High plasma osteopontin (OPN) has been linked to tumour hypoxia, metastasis, and poor prognosis. This study aims to assess whether plasma osteopontin was a biomarker of increasing progression within prostate cancer (PCa) prognostic groups and whether it reflected treatment response to local and systemic therapies.
Baseline OPN was determined in men with localised (n=199), locally recurrent (n=9) and castrate-resistant, metastatic PCa (CRPC-MET; n=37). Receiver-operating curves (ROC) were generated to describe the accuracy of OPN for distinguishing between localised risk groups or localised vs metastatic disease. We also measured OPN pre- and posttreatment, following radical prostatectomy, external beam radiotherapy (EBRT), androgen deprivation (AD) or taxane-based chemotherapy.
The CRPC-MET patients had increased baseline values (mean 219; 56–513 ng ml−1; P<0.0001) compared with the localised, non-metastatic group (mean 72; 12–438 ng ml−1). The area under the ROC to differentiate localised vs metastatic disease was improved when OPN was added to prostate-specific antigen (PSA) (0.943–0.969). Osteopontin neither distinguished high-risk PCa from other localised PCa nor correlated with serum PSA at baseline. Osteopontin levels reduced in low-risk patients after radical prostatectomy (P=0.005) and in CRPC-MET patients after chemotherapy (P=0.027), but not after EBRT or AD.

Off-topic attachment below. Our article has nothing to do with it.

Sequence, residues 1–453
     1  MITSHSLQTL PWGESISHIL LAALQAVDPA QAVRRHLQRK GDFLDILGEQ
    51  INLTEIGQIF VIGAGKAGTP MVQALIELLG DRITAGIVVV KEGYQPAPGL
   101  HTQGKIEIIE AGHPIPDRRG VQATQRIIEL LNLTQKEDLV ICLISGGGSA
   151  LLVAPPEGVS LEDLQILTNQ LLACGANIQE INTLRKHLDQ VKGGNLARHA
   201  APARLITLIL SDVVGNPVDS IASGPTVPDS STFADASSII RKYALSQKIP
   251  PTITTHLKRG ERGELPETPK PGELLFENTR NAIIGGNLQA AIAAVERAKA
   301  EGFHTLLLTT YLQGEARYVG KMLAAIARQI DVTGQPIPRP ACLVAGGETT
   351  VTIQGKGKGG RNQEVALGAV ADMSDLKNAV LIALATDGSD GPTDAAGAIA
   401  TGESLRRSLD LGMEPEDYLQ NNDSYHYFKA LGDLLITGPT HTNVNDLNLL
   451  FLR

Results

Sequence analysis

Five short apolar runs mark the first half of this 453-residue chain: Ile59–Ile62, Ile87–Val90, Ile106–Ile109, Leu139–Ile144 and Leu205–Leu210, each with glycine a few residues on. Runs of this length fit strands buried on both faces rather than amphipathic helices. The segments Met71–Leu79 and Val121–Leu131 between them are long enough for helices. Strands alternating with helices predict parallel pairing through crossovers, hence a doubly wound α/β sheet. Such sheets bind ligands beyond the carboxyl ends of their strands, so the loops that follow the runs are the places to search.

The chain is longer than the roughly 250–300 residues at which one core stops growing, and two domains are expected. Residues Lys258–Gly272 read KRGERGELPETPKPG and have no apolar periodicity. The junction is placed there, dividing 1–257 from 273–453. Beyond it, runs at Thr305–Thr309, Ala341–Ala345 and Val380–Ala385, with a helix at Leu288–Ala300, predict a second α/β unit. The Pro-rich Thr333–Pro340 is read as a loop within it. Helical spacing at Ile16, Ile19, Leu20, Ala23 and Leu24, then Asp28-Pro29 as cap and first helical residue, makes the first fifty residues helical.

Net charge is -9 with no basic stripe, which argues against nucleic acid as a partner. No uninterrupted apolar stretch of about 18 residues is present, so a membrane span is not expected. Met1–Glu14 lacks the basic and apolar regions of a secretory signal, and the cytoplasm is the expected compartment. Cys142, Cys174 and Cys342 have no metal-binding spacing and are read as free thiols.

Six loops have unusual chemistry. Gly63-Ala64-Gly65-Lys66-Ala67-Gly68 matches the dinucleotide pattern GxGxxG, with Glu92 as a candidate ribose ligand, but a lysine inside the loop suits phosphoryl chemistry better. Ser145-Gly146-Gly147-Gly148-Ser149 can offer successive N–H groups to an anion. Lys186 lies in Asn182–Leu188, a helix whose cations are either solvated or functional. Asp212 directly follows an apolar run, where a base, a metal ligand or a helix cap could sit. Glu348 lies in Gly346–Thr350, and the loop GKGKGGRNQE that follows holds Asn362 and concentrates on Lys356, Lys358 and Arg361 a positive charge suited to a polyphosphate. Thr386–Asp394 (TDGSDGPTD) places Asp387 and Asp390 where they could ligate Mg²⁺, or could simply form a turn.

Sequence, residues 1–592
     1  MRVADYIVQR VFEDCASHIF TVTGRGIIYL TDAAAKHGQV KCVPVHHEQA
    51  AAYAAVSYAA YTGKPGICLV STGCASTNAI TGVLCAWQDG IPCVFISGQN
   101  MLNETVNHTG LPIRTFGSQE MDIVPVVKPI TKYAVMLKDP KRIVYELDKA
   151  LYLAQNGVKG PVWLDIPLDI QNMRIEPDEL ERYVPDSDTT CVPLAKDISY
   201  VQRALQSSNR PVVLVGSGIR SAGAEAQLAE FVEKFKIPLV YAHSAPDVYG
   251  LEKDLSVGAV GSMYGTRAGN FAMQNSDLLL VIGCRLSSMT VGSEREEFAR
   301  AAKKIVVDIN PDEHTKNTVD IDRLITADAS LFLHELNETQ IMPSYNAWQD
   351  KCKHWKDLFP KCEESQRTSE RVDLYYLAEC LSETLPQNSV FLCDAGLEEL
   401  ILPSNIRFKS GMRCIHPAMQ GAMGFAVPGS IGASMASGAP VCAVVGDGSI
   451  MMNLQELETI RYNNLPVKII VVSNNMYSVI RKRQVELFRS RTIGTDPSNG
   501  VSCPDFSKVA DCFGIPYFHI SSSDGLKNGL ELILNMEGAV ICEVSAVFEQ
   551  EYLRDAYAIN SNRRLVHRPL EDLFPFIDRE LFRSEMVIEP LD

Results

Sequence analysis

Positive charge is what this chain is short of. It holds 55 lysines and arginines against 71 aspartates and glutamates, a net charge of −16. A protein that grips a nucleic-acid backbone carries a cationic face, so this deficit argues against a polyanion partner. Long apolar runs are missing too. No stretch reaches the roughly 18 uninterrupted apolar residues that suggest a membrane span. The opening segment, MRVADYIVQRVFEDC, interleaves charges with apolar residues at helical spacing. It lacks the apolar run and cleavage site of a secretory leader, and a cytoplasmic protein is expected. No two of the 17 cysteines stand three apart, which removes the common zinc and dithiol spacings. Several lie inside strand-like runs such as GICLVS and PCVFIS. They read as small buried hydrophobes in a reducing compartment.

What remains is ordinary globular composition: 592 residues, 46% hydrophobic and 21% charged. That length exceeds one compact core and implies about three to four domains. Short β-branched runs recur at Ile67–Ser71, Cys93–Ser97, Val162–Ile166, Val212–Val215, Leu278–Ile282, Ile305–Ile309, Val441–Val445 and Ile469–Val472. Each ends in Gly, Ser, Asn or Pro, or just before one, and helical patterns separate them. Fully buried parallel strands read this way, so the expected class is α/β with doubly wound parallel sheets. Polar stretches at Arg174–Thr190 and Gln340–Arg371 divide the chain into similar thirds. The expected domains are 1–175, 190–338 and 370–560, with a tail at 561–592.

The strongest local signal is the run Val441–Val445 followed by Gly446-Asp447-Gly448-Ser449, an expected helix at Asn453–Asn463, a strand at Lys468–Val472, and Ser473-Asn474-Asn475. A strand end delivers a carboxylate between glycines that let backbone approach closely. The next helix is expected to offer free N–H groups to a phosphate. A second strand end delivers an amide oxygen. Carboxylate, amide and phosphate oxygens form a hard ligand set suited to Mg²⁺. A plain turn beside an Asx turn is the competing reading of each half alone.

Plasma OPN is as good as PSA at predicting treatment response in CRPC-MET patients after chemotherapy. Our data do not support the use of plasma OPN as a biomarker of increasing tumour burden within localised PCa.